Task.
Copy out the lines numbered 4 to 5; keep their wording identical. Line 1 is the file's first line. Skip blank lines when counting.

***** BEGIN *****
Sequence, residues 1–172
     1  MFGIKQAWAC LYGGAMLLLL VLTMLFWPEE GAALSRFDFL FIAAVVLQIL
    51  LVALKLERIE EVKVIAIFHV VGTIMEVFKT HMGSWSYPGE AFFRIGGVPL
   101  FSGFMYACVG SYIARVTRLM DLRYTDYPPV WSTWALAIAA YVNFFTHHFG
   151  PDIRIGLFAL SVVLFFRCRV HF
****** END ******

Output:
   101  FSGFMYACVG SYIARVTRLM DLRYTDYPPV WSTWALAIAA YVNFFTHHFG
   151  PDIRIGLFAL SVVLFFRCRV HF